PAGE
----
A helping hand can be the shortcut from a struggling freelance business to a thriving one

When we just start out in freelancing, it’s easy to get caught in scarcity thinking. Paradoxically, that’s the fastest way to poor decisions and bad outcomes. Here’s a good way to make sure this doesn’t happen.

Photo by Unsplash

Photo by Unsplash

When I first went out on my own, I was scared to spend money. Before quitting practicing law, I had dutifully saved up a war chest, and that money had to last until I built up my freelance writing business.

But fear deforms the lens through which we evaluate things.

In fact, scarcity thinking is well known to rob us of the ability to see straight. That's why a swamped executive has no time to delegate and lighten her load. Lonely people avoid seeing friends. Or someone poor may forgo buying insurance but will buy what seems frivolous, like candy.

So on the one hand, I was calculating all business expenses to the cent (it's 10X cheaper to print copies on your laser printer than to make copies at a store). On the other hand, I'd have coffee with anyone who suggested it, wasting untold numbers of hours that I could have used to write and develop my content instead, spending hundreds of dollars on coffee I didn't even want, and coming away depressed because nothing came from most of these coffee dates.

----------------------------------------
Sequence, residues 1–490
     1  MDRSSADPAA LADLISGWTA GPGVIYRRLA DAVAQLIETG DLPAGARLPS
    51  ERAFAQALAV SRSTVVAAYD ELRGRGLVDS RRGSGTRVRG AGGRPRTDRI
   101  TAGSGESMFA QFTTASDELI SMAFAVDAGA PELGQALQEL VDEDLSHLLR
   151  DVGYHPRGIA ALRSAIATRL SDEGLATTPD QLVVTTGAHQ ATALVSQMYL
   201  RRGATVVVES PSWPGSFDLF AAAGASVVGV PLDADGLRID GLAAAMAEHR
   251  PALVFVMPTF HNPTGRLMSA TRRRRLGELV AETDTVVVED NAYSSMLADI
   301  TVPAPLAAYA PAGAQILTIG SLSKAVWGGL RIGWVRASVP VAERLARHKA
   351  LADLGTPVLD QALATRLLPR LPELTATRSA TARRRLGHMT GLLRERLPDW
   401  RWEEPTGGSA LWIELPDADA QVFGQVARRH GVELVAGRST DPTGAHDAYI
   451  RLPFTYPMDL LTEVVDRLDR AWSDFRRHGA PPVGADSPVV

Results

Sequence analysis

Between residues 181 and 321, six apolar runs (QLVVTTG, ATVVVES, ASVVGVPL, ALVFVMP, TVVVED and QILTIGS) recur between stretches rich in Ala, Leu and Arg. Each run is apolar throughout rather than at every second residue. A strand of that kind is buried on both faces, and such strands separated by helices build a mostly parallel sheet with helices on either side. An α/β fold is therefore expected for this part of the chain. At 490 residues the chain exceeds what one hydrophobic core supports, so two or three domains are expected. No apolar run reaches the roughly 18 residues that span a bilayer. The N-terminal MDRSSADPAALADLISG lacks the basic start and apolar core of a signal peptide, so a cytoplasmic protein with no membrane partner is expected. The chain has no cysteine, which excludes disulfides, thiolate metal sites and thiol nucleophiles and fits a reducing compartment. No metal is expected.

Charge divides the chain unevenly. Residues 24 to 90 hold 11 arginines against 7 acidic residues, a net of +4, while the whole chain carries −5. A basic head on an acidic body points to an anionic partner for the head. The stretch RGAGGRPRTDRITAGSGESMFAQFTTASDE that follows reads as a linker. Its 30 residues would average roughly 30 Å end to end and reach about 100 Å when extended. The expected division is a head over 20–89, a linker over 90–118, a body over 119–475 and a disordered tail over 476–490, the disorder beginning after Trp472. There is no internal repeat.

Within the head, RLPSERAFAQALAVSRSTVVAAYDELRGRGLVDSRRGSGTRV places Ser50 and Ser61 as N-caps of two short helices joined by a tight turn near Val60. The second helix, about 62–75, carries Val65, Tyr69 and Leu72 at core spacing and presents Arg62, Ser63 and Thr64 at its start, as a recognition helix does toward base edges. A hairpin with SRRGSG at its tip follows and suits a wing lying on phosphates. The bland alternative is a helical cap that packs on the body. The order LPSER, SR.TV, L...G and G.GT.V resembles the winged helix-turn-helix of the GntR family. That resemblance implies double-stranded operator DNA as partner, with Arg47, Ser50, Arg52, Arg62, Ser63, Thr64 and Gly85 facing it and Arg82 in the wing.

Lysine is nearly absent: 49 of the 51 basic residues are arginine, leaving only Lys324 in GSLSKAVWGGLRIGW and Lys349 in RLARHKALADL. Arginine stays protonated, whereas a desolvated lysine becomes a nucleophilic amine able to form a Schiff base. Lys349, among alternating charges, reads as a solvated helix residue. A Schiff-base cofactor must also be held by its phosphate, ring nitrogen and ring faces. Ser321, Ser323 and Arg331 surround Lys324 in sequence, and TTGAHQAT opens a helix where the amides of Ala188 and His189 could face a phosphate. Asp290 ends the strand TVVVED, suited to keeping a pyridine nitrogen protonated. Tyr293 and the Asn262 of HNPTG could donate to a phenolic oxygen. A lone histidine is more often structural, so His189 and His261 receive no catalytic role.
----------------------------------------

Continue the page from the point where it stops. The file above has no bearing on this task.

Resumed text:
One of the first things that went by the wayside in my push to reduce expenses was my business coach. Walt was (and is) a brilliant business strategist and tactician, who had traveled the path I was now taking. He, too, went from practicing law to doing something different. He, too, had to start his now-thriving endeavor from scratch.

But in my panic about running out of money and seeing visions of ending up living under a bridge, I couldn't justify the expense of coaching.

So I stopped. And soon afterwards I started flailing. I'd read an article about a new marketing technique that every freelancer should know, and implement that. Then hear a podcast about something different, and implement that, too. My messaging and my website kept changing almost weekly. My focus was nonexistent.

My war chest was melting away.

One night, after overcoming a panic attack brought on by the lack of progress in my business, I went back to my notes from my coaching calls with Walt.

And there it all was. A simple, straight-forward path to making my business work. No gimmicks, no "50 ways to capture thousands of new leads," no random coffee dates.

Had I continued my coaching with Walt - keeping the faith, doing the work - I would have saved myself months of wasted energy, a few panic attacks, and 5 different iterations of my business card.

That's the value of good coaching. It only seems expensive if you don't take into account the alternative. Because in reality, it is so much cheaper to learn from other people's mistakes than to make them yourself.

How to maximize the value of coaching

While coaching can be hugely beneficial, especially when you're starting out as a freelancer or if you're pivoting into a new area of writing, there are several things you should keep in mind to find the right coach for you.

1. Clearly define what problem you're trying to solve. "Getting more clients" is too broad and too universal.